Digital technologies are expected to fundamentally change the classroom experience for the rising generation of students, but some fear that a lack of comprehensive standards and clear performance indicators may stymie progress.
The latest research from PBS Learning Media supports the role of technology in the classroom, with approximately three quarters of pre-K-12 teachers indicating that digital aides help them reinforce and expand course content, motivate students and adapt to a variety of learning styles.
“Technology is a critical part of learning teaching in today’s classrooms,” said PBS spokeswoman Alicia Levi. “Teachers today need access to high-quality digital content to keep pace with schools’ investment in interactive whiteboards, tablets and other devices to maximize the educational benefits of technology in the classroom.”
While the enthusiasm for digitization may be strong, there is some uncertainty as to whether all classroom software is living up to the expressed goals of teachers – or the best interests of their students.
In a recent interview with NPR, Duke University business professor Aaron Chatterji fixed his focus on interactive whiteboards when weighing the merits of digital innovation. In his view, a “smart board” may be more of a status symbol than a true learning enabler.
“[My mother] has a smart board in her classroom and a lot of teachers have those across the country. To my knowledge, we don’t have great data to know whether smart boards actually make a difference,” Chatterji explained. “As we invest all this money on new technology and new hardware, we ought to know if we’re spending our money on the right things.”
Steve Schneider, senior program director for science, math and technology at nonprofit WestEd, is inclined to agree. In a separate interview with NPR, he voiced concerns that the software suppliers flooding the marketplace with fun and intriguing education apps are moving much faster than product quality and learning outcome researchers. With fewer controlled studies to reject or confirm effectiveness ratings, teachers have been left with little more than intuition for informing their decisions.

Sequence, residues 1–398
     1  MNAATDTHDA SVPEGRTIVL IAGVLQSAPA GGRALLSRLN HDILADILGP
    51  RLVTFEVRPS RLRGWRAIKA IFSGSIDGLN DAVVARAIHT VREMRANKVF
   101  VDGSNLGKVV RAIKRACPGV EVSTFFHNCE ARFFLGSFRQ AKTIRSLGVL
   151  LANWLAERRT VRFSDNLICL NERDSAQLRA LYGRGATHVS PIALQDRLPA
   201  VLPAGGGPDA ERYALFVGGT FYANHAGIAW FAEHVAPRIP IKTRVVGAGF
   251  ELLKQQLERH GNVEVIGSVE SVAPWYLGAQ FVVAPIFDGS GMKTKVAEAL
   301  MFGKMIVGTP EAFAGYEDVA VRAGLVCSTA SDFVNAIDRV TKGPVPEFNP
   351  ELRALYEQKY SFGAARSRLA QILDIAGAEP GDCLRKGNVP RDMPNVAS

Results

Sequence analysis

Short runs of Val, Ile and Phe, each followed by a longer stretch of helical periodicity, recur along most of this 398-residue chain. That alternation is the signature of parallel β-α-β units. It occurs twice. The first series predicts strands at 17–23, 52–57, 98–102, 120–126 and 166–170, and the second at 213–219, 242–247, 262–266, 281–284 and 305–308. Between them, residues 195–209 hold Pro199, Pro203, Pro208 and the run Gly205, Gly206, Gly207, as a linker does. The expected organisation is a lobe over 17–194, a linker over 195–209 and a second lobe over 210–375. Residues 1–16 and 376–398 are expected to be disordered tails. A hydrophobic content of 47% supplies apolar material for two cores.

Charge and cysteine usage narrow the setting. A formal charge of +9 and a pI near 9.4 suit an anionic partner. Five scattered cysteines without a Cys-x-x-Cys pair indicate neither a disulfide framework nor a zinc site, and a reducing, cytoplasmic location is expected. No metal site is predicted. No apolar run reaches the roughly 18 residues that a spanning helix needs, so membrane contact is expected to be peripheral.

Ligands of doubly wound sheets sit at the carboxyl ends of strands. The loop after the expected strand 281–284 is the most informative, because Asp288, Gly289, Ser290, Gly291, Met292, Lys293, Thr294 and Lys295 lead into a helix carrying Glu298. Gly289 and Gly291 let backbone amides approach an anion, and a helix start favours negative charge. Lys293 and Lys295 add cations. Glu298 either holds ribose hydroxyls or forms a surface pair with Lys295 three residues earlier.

With 45 states and the District of Columbia now subscribing to Common Core State Standards, technology vendors may now have a more unified vision of what educators need – and a simplified production model. According to NPR, marketplaces similar to the Apple App Store and Amazon’s mp3 store could remove the middlemen from teacher-developer relations and allow for more economical purchase of course material. Although products will be developed with common functionality and end goals in mind, educators could retain individual authority to pick only the tools that work for them.
According to Chatterji, rate and review features will be instrumental in supporting these platforms. By effectively crowdsourcing sentiments from across a community of peers, teachers can make more informed decisions than they may have going solely on their own intuition. Nevertheless, any expansion in the research literature would be beneficial to both sides.
“If I can’t sell it to people and I can’t prove to people it works to give myself some credibility, I might as well go do something else with my time,” Chatterji noted.
As teachers await more rigorous research efforts, there is no reason they can’t be gathering their own performance metrics along the way. With the proper array of classroom control technologies, educators can gain a more accurate view of how students interact with digital aides and cross reference usage trends with performance outcomes.
Who should be leading the charge for more standardized education technology offerings? Would such formal regulation inhibit classroom innovation? Let us know what you think in the comments section below!